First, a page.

2. We can state that we do not have enough evidence to conclude one way or the other and can continue to hold these men at arm's length as potential heretics until they provide something more to our liking. And yet, would we be just in doing so? This ministry has affirmed the BF&M 2000. Have all of the speakers and singers at YOUR state evangelism conference done so? Dare I ask whether all of the full-time ministry employees of your state convention have done so?

      There's a fine line between discernment and skepticism. I have to watch out for that line myself. But when I step back and take a look at the situation with these three men, I've heard more Trinitarianism from them than I have from most of the bloggers whom I admire and read. I've heard more Trinitarianism from them than I heard from a number of my college and seminary professors. I've heard more Trinitarianism from them than I find in the content of a year's worth of sermons from a lot of our Southern Baptist churches. Unless I'm prepared to sally forth to war against all of those folks, I have to ask myself whether I'm right in asking these three men to affirm Trinitarianism yet again in a yet another way.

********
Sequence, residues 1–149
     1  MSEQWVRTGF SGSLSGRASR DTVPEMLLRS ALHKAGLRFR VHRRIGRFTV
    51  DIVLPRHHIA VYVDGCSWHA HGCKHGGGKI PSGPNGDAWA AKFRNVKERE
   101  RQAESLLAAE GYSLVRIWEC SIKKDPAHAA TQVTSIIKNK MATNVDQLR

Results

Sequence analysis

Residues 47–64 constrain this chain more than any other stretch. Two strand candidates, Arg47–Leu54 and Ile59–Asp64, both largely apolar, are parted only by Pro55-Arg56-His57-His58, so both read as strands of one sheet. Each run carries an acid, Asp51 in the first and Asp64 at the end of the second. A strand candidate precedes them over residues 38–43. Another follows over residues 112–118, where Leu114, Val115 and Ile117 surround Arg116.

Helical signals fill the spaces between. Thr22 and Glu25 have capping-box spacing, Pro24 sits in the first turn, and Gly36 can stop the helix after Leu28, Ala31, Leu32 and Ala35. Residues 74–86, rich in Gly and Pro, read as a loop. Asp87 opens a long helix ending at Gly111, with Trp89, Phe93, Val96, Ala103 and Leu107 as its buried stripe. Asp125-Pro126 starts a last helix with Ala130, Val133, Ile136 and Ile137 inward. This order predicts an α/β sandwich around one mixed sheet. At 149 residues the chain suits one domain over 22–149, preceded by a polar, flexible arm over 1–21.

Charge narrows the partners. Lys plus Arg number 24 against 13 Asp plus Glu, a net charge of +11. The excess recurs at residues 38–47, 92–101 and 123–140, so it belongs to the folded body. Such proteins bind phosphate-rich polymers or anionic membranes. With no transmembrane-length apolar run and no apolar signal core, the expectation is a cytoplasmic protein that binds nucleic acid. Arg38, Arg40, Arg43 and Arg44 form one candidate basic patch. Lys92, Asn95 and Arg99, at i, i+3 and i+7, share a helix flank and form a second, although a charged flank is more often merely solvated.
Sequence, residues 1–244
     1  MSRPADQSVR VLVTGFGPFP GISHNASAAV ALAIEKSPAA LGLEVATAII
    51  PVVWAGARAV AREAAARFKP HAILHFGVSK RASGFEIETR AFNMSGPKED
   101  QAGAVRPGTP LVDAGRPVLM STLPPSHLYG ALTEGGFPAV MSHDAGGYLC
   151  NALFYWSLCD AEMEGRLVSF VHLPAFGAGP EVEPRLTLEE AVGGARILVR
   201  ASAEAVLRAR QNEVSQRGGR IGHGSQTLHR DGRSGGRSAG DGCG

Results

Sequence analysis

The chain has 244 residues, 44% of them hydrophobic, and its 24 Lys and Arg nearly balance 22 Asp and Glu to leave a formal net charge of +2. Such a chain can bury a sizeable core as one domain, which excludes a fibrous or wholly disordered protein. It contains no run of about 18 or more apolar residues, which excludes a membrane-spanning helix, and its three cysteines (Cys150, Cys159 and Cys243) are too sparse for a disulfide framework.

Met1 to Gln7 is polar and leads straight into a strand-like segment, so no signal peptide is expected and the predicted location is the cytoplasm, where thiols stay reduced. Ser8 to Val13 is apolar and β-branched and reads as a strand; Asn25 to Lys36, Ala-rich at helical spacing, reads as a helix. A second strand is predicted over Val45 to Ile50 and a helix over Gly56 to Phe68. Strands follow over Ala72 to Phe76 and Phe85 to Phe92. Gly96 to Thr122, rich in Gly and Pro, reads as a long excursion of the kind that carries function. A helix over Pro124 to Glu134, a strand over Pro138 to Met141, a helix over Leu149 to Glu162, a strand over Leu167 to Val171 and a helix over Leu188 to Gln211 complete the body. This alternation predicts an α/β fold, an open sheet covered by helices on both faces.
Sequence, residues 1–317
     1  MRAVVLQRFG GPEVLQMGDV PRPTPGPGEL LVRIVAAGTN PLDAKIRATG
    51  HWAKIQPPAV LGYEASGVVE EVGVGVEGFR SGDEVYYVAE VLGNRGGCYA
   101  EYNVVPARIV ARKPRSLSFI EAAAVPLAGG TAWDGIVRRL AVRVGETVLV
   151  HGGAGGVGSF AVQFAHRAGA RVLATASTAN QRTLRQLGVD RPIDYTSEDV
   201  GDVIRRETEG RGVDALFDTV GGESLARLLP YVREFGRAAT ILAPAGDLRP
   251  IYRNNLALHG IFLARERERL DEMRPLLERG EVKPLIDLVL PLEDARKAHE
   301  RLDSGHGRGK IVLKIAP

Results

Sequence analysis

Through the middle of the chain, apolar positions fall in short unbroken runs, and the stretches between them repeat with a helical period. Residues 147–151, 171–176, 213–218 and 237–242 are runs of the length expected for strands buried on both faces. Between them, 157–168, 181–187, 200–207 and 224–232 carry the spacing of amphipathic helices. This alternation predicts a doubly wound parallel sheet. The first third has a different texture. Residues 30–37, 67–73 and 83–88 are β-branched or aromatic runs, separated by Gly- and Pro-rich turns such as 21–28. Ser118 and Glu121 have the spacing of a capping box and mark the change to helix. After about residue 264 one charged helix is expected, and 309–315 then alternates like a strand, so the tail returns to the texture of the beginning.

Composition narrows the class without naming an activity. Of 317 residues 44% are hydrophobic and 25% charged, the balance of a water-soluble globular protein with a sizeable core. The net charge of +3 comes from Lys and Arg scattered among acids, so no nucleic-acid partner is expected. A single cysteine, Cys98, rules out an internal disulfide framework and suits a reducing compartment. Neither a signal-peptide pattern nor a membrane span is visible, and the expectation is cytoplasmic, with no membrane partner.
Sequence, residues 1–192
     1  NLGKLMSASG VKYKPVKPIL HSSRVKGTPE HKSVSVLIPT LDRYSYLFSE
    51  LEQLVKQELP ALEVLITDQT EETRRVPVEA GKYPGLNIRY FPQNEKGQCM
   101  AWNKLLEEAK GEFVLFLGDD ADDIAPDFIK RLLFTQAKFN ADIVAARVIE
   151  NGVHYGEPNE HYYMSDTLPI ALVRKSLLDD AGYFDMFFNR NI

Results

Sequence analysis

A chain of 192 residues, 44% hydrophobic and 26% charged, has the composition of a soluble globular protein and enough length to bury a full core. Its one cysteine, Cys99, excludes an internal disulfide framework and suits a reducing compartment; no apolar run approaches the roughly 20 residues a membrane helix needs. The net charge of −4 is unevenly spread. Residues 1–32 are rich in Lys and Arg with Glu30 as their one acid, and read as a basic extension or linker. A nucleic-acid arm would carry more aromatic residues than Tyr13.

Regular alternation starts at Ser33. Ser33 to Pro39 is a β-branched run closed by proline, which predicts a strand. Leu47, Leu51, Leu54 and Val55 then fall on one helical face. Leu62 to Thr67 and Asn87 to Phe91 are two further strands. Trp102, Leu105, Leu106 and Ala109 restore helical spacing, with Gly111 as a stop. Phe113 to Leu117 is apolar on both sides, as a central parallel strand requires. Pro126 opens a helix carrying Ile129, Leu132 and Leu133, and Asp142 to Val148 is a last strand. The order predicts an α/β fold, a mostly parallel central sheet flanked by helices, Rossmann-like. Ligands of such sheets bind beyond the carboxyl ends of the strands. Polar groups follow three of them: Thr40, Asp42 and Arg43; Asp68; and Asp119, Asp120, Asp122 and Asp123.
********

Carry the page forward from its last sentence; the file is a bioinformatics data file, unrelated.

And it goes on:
3. We can celebrate their conversion to Trinitarian Christianity, which is the Christianity of Christ, the Christianity of the New Testament, and the only true Christianity that there is. The Southern Baptists of Texas Convention takes doctrine seriously. The churches of the Southern Baptists of Texas Convention, if they did not find doctrine to be important, could have found plenty of a-theological Baptist associationalism…elsewhere. That's why weeks and weeks ago this question was settled before Phillips, Craig, & Dean ever earned a spot on the program. We are a biblically-based, confessional fellowship of Southern Baptist churches. That's who we are, and that's how we conduct our ministries.